Halev.Whitlock

Not overruled or negatively treated on appealinfoCoverage
Supreme Court of New MexicoApr 16, 1979
92 N.M. 657 (N.M. 1979)
92 N.M. 657593 P.2d 754

Cases citing this case

How cited

  • Poorbaugh v. Mullen

    …It is well established that forfeitures are not favored. Hale v. Whitlock, 92 N.M. 657, 593 P.2d 754 (1979);…

  • Miller v. Johnson

    …In New Mexico, the rule is well-settled that the type of real estate contract involved here is enforceable,…

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No. 12151.

April 16, 1979.

Appeal from the District Court, Bernalillo County, Gene E. Franchini, D. J.

Robinson, Stevens Wainwright, George F. Stevens, Albuquerque, William J. Lock, Albuquerque, for defendants-appellants.

John J. Duhigg, Albuquerque, for plaintiffs-appellees.


OPINION


FEDERICI, Justice.

Appellees brought this action asking the district court to declare that they were not in default on a real estate contract and to restrain the escrow agent, Albuquerque National Bank, from delivering the documents held in escrow to appellants. Appellants counterclaimed, asking the court to declare the real estate contract to be in default and to grant them possession of the property.

The trial court held that appellees were in default on the real estate contract and ordered the Albuquerque National Bank to release the escrow papers to appellants. However, in its order, the court, under its equity powers, granted appellees an additional fifteen days following entry of its judgment to pay off the entire contract balance plus interest and attorney fees. Appellees tendered the required amount to appellants within the time allowed by the court. This appeal followed.

The following facts in the case are stipulated. In 1966 appellees purchased the property in question under a real estate contract. For several years following appellees' purchase of the property, appellees failed to make some of the monthly payments on time. The original seller did not object to the failure to make payments and appellees were led to believe that prompt payment of twelve monthly installments per year would not be insisted upon. The original seller assigned her interest in the real estate contract to appellants in 1977. Appellees were never put on notice that appellants would insist upon strict performance regarding payment of the future installments under the contract. Soon after appellants purchased the real estate contract from the original seller, however, appellants demanded that appellees bring their payments up to date by tendering $1,675 for twenty-five delinquent installments. Shortly thereafter appellees brought this declaratory action.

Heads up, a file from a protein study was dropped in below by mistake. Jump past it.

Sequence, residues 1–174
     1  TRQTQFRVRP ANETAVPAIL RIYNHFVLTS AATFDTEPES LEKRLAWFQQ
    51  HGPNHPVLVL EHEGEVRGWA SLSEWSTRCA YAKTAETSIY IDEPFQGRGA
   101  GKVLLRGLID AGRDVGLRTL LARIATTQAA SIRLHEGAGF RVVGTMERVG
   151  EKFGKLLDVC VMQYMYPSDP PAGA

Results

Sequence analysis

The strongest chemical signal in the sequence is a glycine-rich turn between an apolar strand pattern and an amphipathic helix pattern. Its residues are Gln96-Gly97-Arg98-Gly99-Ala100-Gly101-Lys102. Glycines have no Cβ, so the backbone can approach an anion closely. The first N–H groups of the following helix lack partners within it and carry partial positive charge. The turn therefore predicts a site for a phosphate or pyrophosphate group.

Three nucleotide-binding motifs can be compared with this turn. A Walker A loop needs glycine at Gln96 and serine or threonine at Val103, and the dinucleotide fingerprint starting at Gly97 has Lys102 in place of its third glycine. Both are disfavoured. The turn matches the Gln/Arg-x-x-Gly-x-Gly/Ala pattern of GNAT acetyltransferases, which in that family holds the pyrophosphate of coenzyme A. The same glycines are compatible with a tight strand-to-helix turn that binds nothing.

Appellants contend that the court erred in giving appellees additional time to pay off the entire contract balance after declaring the contract to be in default. Appellees contend that the court had equity jurisdiction under the facts in this case.

It is well settled in New Mexico that the type of real estate contract involved in this case is enforceable and upon default, the vendor may terminate the contract, regain possession of the property and retain the payments made. Eiferle v. Toppino, 90 N.M. 469, 565 P.2d 340 (1977); Davies v. Boyd, 73 N.M. 85, 385 P.2d 950 (1963); Bishop v. Beecher, 67 N.M. 339, 355 P.2d 277 (1960). However, it is also recognized in each of these cases that there are exceptions to this rule, and that under certain circumstances, the contract and acts of the parties should be construed if at all possible to avoid a forfeiture. See Stamm v. Buchanan, 55 N.M. 127, 227 P.2d 633 (1951).

Under the facts in this case, the trial court properly exercised its equity jurisdiction in granting appellees additional time within which to pay off the entire balance due under the real estate contract along with interest and attorney fees. The result was to place the parties in the positions they would have been in had the contract been fully performed.

The decision of the trial court is affirmed.

IT IS SO ORDERED.

McMANUS, Senior Justice, and EASLEY, J., concur.


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